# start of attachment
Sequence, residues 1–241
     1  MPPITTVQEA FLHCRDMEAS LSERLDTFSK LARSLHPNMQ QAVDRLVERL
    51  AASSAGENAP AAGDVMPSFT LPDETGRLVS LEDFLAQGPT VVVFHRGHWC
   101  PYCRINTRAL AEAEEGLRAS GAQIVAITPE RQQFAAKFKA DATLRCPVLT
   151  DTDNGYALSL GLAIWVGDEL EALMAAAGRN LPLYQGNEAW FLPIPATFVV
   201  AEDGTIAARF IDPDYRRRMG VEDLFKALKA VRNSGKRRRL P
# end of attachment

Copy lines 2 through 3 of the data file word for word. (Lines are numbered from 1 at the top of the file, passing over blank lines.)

     1  MPPITTVQEA FLHCRDMEAS LSERLDTFSK LARSLHPNMQ QAVDRLVERL
    51  AASSAGENAP AAGDVMPSFT LPDETGRLVS LEDFLAQGPT VVVFHRGHWC